hat is very effect on the viewer. With edits that are just as wacky as the story sometimes, the film has a very unique flair, but the cast appears inexperienced and often unable to deliver the lines in the context. Even the lighting and the sound recording of the film shows the ineptitude of the filmmakers, and yet, Two Thousand Maniacs achieves something many horror films fail at, it makes an impact. Whether the viewer’s response is disgust, joy, entertainment, or plain fear, I am sure Two Thousand Maniacs makes a lasting impression on every viewer, although its impact given the current cinema culture is quite different that its original perception in the 60s. Two Thousand Maniacs is weird, bizarre, morbid and brutal. It is not for everyone and it is a movie that clearly started out as an attempt to accumulate the grossest and most sadistic things H. G. Lewis could think of at the time. It is a shocking movie despite its age, but if you are interested in something really weird Two Thousand Maniacs is exploitation in its worst, but at the same time at its most inventive and original.
Hershell G. Lewis's second film opens up the scale of 'Blood Feast', as this time we view not one madman but a whole town full of psychopaths! This absolutly wonderful lurid little gem of drive in horror is a joy to watch again and again. It has every quality that you would come to expect from explotation cinema, sexy girls, bad songs, drunken madmen, and grisly mutilations! At times it seems to be a bizzare and gory reworking of the 1954 Brodway musical 'Brigadoon'. Once again as with the seminal 'Blood Feast' this film has also had a great influence on the evolution of the horror film, its mark can be seen when viewing later classics such as 'The Texas Chainsaw Massacre'. I would reccomend this to anyone who is interested in the history of the horror film, and also to anyone who enjoys camp gory humour!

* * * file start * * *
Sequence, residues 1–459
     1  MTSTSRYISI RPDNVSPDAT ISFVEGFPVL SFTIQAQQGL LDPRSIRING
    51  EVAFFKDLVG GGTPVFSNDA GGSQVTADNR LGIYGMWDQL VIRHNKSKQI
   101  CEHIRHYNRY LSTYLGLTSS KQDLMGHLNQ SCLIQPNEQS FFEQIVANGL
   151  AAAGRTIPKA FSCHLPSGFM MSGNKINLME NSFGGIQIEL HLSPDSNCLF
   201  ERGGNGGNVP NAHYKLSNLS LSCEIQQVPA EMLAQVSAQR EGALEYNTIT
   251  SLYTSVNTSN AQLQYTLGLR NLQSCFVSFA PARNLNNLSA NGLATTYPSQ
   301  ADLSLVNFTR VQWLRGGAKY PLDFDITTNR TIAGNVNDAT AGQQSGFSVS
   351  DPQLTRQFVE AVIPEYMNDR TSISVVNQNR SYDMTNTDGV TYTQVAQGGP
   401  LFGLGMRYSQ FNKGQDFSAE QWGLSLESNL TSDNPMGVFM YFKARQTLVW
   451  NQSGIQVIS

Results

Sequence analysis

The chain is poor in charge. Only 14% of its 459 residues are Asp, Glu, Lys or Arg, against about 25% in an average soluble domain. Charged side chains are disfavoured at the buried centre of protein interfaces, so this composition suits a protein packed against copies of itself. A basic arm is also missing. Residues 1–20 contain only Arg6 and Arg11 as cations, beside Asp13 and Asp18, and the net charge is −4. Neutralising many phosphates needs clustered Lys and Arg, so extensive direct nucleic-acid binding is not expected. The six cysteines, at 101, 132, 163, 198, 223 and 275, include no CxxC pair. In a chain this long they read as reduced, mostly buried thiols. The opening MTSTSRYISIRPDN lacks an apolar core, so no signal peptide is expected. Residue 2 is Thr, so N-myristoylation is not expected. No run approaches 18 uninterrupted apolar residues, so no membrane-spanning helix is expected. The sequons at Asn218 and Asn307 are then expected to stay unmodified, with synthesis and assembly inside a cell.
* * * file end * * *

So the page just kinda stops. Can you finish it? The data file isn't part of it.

Drive-in gore king Herschel Gordon Lewis reached his creative peak with this darkly-comic slaughterfest about six vacationing Yanks who fall victim to the cheerfully violent Southern hospitality of Pleasant Valley. Made the guests of honor in the town's Centennial celebration, the hapless visitors soon discover that the obligations of their title include being used for the locals' bloody amusements -- which include being rolled downhill in a barrel full of sharp spikes and strapped down beneath a boulder for a hideous variation on the dunking booth -- and eventually ending up on the spit for the evening's barbecue. It turns out the bloodthirsty rednecks have come back from the dead after 100 years to exact symbolic revenge for the slaughter of the entire town by the Union Army. Filmed on a shoestring in St. Cloud, Florida, this is probably Lewis' most technically accomplished film (despite some annoyingly bad performances) and the best of the drive-in "Blood Trilogy," which also includes Blood Feast and Color Me Blood Red. Lewis even contributed his talents to some of the songs (credited to the Pleasant Valley Boys), including Rebel Yell (not to be confused with the Billy Idol tune) and a rousing rendition of Rollin' In My Sweet Baby's Arms, which accompanies a shot of a severed arm rotating on a barbecue spit. Yee-haa.